Make a decisive attack, which impacts faster than their waza.
後 の 先 go no sen or ato no sen : is a ‘strategy/technique, it is best described as ‘the post initiative attack’.

Edo, a time of peace

In Edo epoch when people enjoyed peace it had a serious meaning and consequence to pull out Katana. Because it was strictly prohibited to pull out Katana to use it, and once one did it, it might cause even a death penalty with being taken away all the property.
Accordingly it required a serious preparedness in the mind to pull out Katana.
Understanding what might occur as a consequence in his and also his family’s life, one should have a serious preparedness in his mind to pull out Katana.

Akira Hino

While samurai had privileges in Japanese society, removing the sword without threat was a grave crime. The art of Iaido (Iaijutsu) still has the concept of Saya no Uchi, retaining the sword in the sheath.

No matter how strong or how evil the persons we come across, we must not draw our sword, nor let him draw his. We must not cut him, nor allow him to cut us. We must not kill him nor do we let him kill us. By reason kindly persuade him to change his ways to become a better person. If, at the very last, after all your efforts, he won’t listen to you, then send him to his maker and destroy him completely.

Muso Shinden Jushin Ryu Iaido no Seishin (精神)

A practical way to learn to use intent.

The use of intention has two aspects to take into consideration.

  • The intention of the opponent
  • Your intention

While many important “sensei” speaks of “Mushin mugamae”, a phrase often translated as empty mind and empty posture. Unfortunately, by using the word “empty” the concept becomes more cryptic.
Mushin mugamae is all about how to handle your emotions. The physical aspect is merely the result of mental thoughts.
If you can control your emotions, you can use your energy to build an image of what you will do next. This image with control of your emotions and energy can be referred to as intention.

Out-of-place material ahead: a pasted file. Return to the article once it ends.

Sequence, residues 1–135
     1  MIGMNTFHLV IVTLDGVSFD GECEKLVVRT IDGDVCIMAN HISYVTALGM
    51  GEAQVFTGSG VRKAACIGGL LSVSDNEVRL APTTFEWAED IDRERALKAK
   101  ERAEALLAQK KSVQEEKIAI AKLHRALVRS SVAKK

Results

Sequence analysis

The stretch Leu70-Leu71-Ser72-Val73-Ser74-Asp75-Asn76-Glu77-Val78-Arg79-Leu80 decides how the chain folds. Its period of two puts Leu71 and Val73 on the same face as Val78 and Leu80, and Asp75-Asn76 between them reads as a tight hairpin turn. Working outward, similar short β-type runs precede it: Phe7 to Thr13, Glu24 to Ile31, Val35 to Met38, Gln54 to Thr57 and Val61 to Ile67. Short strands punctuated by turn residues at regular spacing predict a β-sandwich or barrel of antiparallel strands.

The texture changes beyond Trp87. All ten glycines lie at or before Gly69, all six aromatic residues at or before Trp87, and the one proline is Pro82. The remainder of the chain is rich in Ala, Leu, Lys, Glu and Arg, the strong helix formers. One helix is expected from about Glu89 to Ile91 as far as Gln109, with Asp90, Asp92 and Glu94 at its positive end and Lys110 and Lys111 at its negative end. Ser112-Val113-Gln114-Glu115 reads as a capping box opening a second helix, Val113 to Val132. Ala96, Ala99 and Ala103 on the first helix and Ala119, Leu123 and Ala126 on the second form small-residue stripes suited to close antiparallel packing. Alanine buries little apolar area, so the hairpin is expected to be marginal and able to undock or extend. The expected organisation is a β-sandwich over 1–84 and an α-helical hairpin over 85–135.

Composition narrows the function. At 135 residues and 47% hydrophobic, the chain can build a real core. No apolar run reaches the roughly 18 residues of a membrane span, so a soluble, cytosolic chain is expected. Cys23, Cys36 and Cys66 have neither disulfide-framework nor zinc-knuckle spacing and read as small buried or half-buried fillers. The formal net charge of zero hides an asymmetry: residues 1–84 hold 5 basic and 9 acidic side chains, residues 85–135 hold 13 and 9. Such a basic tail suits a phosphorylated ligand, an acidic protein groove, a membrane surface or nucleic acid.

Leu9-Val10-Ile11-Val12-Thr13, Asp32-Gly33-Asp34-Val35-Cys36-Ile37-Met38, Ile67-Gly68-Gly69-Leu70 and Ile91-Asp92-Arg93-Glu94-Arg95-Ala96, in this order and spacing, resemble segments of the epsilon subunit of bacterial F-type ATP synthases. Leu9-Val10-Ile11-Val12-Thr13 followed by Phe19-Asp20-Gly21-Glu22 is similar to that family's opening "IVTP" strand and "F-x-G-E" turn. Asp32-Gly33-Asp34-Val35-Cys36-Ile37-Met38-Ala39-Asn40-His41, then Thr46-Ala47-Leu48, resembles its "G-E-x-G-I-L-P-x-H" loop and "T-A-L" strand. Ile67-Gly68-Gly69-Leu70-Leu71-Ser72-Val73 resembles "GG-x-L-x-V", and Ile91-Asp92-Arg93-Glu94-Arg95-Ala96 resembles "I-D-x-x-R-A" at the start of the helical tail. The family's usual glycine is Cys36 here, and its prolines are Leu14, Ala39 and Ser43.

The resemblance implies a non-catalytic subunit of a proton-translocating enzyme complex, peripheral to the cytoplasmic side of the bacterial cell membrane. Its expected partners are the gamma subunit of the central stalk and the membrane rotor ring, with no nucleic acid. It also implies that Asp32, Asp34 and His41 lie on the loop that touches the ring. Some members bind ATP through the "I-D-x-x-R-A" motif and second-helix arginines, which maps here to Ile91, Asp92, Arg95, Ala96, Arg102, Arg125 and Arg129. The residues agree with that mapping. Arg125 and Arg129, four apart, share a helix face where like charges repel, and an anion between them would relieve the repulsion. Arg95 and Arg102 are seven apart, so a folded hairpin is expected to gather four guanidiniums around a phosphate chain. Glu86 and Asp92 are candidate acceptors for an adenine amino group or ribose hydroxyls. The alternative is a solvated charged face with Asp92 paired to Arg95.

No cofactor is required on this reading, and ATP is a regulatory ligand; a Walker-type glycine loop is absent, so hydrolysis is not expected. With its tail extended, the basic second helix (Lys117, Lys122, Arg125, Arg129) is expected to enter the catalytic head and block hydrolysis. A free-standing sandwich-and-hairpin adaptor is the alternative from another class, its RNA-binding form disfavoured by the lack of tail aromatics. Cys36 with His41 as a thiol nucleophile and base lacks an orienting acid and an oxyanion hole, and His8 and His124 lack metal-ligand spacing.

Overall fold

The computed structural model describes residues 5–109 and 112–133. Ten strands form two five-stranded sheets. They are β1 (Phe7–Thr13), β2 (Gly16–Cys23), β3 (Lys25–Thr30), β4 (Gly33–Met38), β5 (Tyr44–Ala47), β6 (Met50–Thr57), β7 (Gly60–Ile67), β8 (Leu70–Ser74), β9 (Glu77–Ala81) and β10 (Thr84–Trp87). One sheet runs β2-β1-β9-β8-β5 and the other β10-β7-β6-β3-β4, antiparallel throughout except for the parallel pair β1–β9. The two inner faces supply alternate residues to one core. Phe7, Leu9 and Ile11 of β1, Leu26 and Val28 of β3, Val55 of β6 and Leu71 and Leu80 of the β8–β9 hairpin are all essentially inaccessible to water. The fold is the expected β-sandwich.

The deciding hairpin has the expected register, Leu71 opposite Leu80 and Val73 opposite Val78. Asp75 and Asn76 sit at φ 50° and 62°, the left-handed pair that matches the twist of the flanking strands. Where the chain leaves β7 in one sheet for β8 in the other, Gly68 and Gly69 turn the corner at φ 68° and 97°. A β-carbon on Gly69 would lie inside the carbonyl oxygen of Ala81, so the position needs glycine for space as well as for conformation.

In some cases, you can even conceal your intention from your opponent and it is called “Mushin mugamae”.

Now the question is how to control your emotions and energy. There are several practical exercises and methods for obtaining “Mushin mugamae”.
My favorite one is “ritsuzen” or standing as a tree. While we are standing, we can visualize moving images, relax our thoughts, relax the physical body…
Another major method is slow motion training. It makes us conscious of the energy and strength needed for our movements.
And lastly, I want to add a breathing system to slow down all the functions of your being. Hachi danken is a system like this.

The basic idea is to silence the conscious mind (ego) and let the unconscious mind overtake your thoughts and body. See “The Science of Training”
The unconscious requires, of course, input and this is the goal of basic training. The basic training must be done properly, otherwise the input will not be effective enough and the use of the unconscious mind will not produce the correct output.

Sense the intent of the opponent.

To understand the concept of “sen” one must sense the intention of an opponent. This is only possible when you have the ability to “Mushin mugamae”. When nothing troubles you, your mind is open to the slightest signs of your opponent’s attack.